Wednesday, February 29, 2012

Review: The Guernsey Literary and Potato Peel Society by Mary Ann Shaffer and Annie Barrows

Reviewed by Connie

Published: 2008

It's about: This epistolary novel tells the story of Juliet Ashton, a London-based author/reporter who corresponds with her publisher (who's also a dear friend), her college roommate, and a handsome man who is seeking her romantic attentions as she struggles to come up with her next book idea. By chance, she receives a letter from a man in Guernsey (a little island off the Southern coast of England) about a writer she admires, mentioning in passing the Guernsey Literary and Potato Peel Society. Thus begins a friendship that will change her life. Juliet in turn writes to many of the island's inhabitants, learning their stories of how reading brought them together and got them through the German occupation of their island, and the stories seem like the perfect subject for her new book. Eventually, the inhabitants of Guernsey become more real to her than the people she sees every day.

I thought: It is completely uncharacteristic of me to do this, but to talk about this book, I have to set aside my critical, literary-focused (and let's be honest, a little book snobbish) brain. So there it is, on the chair beside me, though try not to visualize that for too long. Now I can tell you, I really really enjoyed this book.

The characters are pretty flat, and it's very clearly divided between all-good characters and all-evil characters, but gosh darn it if those flat characters aren't so cozy and appealing you can't help but enjoy it. The book is overly simplistic, but in the way you longingly wish the world could really be. Though admittedly unrealistic, the characters of Guernsey are the simple, appealing characters who inhabit that quaint small town you've always dreamed of becoming a part of -- on an island you've always dreamed of escaping to.

The book is a pleasant escape. I could wax critical and point out that for a book with World War II at its core it's rather lacking in profundity, or that though the letters supposedly come from different characters, their writing styles are remarkably similar. But why should I, when I so enjoyed curling up with this book and escaping to Guernsey every evening? It reminded me of that movie, 84 Charing Cross Road (Haven't seen it? Watch it now!) Plus, it touches just enough on serious subject matters (World War II, the power of the written word, what really matters in life) that it isn't a total fluffy, guilty pleasure.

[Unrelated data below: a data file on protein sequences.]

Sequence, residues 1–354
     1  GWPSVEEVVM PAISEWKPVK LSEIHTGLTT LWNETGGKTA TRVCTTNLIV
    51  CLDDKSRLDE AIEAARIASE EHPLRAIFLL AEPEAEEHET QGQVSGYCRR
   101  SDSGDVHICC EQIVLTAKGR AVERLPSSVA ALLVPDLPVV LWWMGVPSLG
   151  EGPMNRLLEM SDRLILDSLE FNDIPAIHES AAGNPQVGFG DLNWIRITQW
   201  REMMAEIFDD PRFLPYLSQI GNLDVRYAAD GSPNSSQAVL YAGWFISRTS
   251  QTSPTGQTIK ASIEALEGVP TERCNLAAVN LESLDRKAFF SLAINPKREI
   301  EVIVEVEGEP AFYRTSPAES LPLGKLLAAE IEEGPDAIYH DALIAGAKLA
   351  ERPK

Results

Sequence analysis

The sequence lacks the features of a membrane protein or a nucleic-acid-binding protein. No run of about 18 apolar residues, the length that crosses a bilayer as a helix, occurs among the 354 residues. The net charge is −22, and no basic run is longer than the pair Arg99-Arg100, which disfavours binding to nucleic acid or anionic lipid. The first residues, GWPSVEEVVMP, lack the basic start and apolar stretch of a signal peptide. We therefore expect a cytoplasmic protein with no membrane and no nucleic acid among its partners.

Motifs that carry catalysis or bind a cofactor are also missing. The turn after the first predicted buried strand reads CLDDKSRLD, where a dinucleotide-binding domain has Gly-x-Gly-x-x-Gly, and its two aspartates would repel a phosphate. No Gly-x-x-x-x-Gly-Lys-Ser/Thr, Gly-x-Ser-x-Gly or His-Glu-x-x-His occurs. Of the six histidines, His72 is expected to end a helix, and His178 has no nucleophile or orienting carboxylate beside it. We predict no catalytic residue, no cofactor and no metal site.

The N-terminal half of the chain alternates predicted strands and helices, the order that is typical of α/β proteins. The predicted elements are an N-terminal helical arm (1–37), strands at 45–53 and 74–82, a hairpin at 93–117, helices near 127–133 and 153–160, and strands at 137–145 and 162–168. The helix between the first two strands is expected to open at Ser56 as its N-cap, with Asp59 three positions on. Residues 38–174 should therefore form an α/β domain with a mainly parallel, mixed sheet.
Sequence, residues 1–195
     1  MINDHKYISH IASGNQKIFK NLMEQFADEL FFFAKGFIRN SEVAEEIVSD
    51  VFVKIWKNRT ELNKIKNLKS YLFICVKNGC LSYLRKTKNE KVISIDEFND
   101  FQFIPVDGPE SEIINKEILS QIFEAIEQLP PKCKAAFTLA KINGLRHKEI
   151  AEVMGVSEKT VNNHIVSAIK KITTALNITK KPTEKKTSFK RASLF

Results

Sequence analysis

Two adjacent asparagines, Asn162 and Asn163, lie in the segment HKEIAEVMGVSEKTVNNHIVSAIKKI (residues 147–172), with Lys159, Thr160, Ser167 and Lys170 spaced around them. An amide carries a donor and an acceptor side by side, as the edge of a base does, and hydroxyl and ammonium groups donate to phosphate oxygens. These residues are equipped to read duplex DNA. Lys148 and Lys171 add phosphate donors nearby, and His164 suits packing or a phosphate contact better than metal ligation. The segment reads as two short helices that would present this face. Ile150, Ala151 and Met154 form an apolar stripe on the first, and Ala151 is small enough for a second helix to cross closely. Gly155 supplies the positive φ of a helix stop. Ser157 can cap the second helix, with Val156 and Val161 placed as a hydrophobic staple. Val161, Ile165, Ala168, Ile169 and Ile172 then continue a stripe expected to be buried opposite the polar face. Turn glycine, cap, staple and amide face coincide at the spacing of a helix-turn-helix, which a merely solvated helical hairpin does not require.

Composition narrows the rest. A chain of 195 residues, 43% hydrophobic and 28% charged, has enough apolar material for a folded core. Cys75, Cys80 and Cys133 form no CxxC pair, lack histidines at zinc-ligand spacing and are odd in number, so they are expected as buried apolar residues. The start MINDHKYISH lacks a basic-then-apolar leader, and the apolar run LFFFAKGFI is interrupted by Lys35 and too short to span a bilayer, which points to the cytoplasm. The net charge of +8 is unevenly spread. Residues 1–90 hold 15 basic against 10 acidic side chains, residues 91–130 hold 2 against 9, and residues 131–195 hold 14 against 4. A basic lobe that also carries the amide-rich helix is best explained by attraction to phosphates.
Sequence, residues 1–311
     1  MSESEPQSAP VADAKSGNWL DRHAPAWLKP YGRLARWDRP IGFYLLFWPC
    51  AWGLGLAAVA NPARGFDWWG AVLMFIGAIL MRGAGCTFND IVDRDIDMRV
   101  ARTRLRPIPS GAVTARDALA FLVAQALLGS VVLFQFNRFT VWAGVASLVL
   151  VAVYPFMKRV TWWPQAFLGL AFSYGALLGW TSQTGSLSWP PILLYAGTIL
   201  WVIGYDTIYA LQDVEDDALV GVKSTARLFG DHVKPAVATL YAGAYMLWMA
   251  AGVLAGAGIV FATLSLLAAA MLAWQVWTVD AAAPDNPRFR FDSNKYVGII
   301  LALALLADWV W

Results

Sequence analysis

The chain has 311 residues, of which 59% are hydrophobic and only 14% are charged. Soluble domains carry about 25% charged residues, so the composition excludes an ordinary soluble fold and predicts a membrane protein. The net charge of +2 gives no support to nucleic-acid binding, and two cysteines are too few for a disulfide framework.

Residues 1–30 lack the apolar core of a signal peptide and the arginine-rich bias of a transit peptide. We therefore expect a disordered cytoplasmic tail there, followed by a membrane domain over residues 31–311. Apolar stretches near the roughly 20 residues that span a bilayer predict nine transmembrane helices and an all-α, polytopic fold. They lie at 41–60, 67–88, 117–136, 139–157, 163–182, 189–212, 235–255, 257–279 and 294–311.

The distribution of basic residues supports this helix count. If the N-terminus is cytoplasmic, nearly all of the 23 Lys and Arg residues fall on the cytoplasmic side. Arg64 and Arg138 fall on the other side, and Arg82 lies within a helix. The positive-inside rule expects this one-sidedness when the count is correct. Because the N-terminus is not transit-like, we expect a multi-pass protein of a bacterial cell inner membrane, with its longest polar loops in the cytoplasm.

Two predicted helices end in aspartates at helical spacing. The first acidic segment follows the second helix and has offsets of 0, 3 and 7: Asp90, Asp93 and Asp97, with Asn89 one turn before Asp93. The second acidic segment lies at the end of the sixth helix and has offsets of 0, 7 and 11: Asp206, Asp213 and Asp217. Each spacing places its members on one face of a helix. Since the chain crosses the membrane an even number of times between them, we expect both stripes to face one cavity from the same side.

Verdict: Stick it on the shelf

Reading Recommendations: Don't read this book too critically, or you will be truly disappointed. Also, guess what? Kenneth Branagh is going to direct a film adaptation of this book starring Kate Winslett as Juliet Ashton. As I love them both, I'm very much looking forward to the movie, due out in 2013.


Warnings: a touch of corny romance

Favorite excerpts:
"Perhaps there is some secret sort of homing instinct in books that brings them to their perfect readers. How delightful if that were true."

"I love seeing the bookshops and meeting the booksellers -- booksellers really are a special breed. No one in their right mind would take up clerking in a book store for the salary, and no one in his right mind would want to own one -- the margin of profit is too small. So, it has to be a love of readers and reading that makes them do it -- along with first dibs on the new books."

"Men are more interesting in books than they are in real life."

"Reading good books ruins you for enjoying bad books."

What I'm reading next: To the Lighthouse by Virginia Woolf